Home No Friend of Mine: Friendster to Delete Personal Data by End of May

No Friend of Mine: Friendster to Delete Personal Data by End of May

Friendster, one of the original players in the social networking arena, is changing the nature of its business to focus more on games and entertainment. Hence, all profile data that Friendster has been saving over the years will be deleted as of May 31, 2011, according to reports.

Want to save some personal history? Your old profile information, as well as your comments, pictures, messages, blogs and groups, can be extracted using the Friendster Exporter.

A Snapshot of ReadWriteWeb’s Friendster Coverage:

Friendster Relaunching: A Lesson In How Not To Brand

Friendster Expands in Asia, Hires Philippines Country Sales Manager

Friendster Hires Senior Product Manager

Facebook Goes International: Sees Impressive Growth Rates in Africa and Asia

The Social Networking Faceoff

Social Networking: Time For A Silver Bullet

See the rest of our social networking archives

Friendster is not deleting accounts, it is just stripping them of rich information that is presumably more onerous to store than basic profile facts. In the Friendster help forum the company outlines how to use the Friendster Exporter.

“If you do not wish to keep all this history or information, then you do not need to do anything. Whether you use the Exporter or not, your Friendster account will not be deleted. Your list of friends will be preserved, along with your basic profile information. Your wallet and games details will also remain unchanged,” the company wrote.

The Exporter tool will download your information as a .zip file or you can send your photos to Flickr, Photobucket or Multiply.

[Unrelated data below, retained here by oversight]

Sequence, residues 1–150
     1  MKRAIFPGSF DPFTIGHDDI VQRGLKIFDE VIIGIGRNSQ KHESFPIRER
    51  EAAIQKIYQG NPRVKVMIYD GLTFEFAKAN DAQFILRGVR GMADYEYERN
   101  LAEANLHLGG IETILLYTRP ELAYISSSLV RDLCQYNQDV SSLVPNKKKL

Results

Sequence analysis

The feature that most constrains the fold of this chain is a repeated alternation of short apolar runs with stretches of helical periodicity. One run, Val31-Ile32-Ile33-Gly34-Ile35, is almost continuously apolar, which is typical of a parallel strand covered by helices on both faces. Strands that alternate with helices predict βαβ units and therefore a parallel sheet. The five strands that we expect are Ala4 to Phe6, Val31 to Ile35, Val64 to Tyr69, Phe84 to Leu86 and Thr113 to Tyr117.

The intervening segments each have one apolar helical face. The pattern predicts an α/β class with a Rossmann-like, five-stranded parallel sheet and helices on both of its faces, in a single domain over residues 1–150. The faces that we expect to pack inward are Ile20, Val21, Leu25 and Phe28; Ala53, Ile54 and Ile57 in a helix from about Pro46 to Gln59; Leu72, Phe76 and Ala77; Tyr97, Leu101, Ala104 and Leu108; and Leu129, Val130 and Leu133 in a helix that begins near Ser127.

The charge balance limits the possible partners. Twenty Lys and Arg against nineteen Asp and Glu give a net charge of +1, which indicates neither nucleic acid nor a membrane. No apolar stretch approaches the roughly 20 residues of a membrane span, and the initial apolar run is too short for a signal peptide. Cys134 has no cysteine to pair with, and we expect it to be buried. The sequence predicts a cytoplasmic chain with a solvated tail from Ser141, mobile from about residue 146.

Friendster was acquired for $40 million in 2009 by MOL Global. The company is the owner of a payment service provider that powers mostly game payments in Southeast Asia. The move to more online gaming and entertainment makes more sense for MOL Global than archiving a stagnant social network.

Friendster was not a service whose idea was “ahead of its time.” Friendster was just first. It was specifically of its time and, in retrospect to what has come afterward, not particularly refined. It was never a juggernaut even if it did have a substantial following. As one ReadWriteWeb reporter said this morning upon hearing the news; “Oh, that is sad. Wait, what was Friendster again?”

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The ReadWrite Editorial policy involves closely monitoring the tech industry for major developments, new product launches, AI breakthroughs, video game releases and other newsworthy events. Editors assign relevant stories to staff writers or freelance contributors with expertise in each particular topic area. Before publication, articles go through a rigorous round of editing for accuracy, clarity, and to ensure adherence to ReadWrite's style guidelines.

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